Brooks Jensen Arts

Every Picture Is a Compromise

Lessons from the Also-rans

Most photography websites show the photographer's very best work. Wonderful. But that's not the full story of a creative life. If we want to learn, we'd better pay attention to the images that aren't "greatest hits" and see what lessons they have to offer. Every picture is a compromise — the sum of its parts, optical, technical, visual, emotional, and even cosmic – well, maybe not cosmic, but sometimes spiritual. Success on all fronts is rare. It's ok to learn from those that are not our best.

This is a series about my also-rans, some of which I've been able to improve at bit (i.e., "best effort"), none of which I would consider my best. With each there are lessons worth sharing, so I will.

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Original digital capture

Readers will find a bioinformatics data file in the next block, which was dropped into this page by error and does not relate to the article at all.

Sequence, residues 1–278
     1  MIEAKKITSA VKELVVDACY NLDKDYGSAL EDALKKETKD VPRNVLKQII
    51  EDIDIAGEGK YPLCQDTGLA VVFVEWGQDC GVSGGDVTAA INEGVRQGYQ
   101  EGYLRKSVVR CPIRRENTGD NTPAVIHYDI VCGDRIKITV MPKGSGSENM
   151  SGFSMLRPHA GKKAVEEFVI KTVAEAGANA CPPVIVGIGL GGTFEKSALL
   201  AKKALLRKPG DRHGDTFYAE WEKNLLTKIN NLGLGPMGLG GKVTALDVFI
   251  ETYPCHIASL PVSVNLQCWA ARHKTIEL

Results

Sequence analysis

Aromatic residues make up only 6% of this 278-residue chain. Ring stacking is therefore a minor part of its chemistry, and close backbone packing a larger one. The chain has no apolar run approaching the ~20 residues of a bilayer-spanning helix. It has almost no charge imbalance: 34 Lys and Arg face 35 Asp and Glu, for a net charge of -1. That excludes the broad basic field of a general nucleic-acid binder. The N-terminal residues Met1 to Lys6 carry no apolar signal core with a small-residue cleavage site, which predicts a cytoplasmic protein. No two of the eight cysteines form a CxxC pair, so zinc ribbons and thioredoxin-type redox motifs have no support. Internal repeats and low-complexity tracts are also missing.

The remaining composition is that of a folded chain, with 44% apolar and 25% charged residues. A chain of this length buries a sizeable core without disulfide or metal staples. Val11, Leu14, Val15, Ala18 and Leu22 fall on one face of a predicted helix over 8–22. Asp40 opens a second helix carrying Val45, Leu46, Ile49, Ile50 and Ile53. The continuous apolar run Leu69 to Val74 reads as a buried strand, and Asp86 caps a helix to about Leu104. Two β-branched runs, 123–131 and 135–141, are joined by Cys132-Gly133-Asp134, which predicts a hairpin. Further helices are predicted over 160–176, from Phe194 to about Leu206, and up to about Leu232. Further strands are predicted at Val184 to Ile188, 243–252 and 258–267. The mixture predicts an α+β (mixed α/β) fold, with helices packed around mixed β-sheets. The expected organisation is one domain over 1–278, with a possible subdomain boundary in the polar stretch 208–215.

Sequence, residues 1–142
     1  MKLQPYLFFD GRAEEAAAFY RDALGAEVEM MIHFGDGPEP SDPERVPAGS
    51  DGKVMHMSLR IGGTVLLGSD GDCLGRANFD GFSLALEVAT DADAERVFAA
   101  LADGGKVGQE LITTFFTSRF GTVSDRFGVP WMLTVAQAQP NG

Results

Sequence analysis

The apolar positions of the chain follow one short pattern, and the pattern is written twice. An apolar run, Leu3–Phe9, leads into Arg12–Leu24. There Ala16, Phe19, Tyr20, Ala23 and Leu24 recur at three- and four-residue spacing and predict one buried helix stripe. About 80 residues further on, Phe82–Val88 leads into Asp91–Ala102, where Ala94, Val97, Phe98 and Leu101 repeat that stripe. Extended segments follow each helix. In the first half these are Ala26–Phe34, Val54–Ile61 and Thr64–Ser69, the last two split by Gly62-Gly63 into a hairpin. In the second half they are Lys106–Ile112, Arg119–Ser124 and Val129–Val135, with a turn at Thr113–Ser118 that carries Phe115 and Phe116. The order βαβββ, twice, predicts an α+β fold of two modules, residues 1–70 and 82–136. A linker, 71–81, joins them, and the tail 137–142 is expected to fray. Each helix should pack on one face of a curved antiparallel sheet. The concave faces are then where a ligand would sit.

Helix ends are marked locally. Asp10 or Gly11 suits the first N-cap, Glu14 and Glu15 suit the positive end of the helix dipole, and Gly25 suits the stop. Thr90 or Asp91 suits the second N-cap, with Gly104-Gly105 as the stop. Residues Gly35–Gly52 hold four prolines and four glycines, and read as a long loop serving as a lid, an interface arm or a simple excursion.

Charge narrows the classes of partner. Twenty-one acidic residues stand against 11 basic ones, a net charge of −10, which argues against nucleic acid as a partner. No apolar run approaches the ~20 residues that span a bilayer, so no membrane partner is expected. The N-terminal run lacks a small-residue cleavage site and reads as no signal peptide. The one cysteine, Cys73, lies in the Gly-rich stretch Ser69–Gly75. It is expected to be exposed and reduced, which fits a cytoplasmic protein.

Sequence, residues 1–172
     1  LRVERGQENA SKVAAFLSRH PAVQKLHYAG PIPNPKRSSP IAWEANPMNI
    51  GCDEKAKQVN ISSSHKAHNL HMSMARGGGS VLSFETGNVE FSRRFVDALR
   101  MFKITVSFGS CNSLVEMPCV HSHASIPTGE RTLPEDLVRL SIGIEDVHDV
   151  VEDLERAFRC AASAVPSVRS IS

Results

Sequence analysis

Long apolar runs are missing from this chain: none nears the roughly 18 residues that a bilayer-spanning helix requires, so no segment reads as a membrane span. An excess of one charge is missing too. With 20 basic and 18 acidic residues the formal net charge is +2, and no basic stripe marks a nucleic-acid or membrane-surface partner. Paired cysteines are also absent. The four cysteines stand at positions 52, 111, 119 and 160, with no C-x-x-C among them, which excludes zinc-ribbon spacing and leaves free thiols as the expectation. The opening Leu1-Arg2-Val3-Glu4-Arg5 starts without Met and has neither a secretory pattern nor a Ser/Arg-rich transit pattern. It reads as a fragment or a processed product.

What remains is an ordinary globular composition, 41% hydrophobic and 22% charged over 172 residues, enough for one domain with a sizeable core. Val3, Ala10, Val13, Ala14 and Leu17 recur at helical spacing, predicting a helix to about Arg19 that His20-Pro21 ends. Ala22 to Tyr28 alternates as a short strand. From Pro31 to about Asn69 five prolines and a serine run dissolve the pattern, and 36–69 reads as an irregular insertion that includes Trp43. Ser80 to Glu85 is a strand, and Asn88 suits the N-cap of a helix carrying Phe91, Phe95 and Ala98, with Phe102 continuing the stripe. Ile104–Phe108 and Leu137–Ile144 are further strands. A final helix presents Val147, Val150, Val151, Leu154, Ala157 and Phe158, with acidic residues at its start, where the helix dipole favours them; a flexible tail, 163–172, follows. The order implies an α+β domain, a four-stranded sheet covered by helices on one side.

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What I saw that I liked:

Dappled sun on the trees.

What I don't like in the picture:

Of course, with clouds that make dappled sun, they constantly are moving and highlighting various areas of the composition. I like the one above; I like the one at left. Neither is what I would prefer.

What I learned:

But here is where the advantages of using a tripod really shine (no pun intended). Simply combining the two versions in Photoshop allow me to have my light and eat it to, so to speak. Below left is the combined image with a little post processing.

2nd Chances: What I might try next

Should I darken the corners just a bit? Perhaps.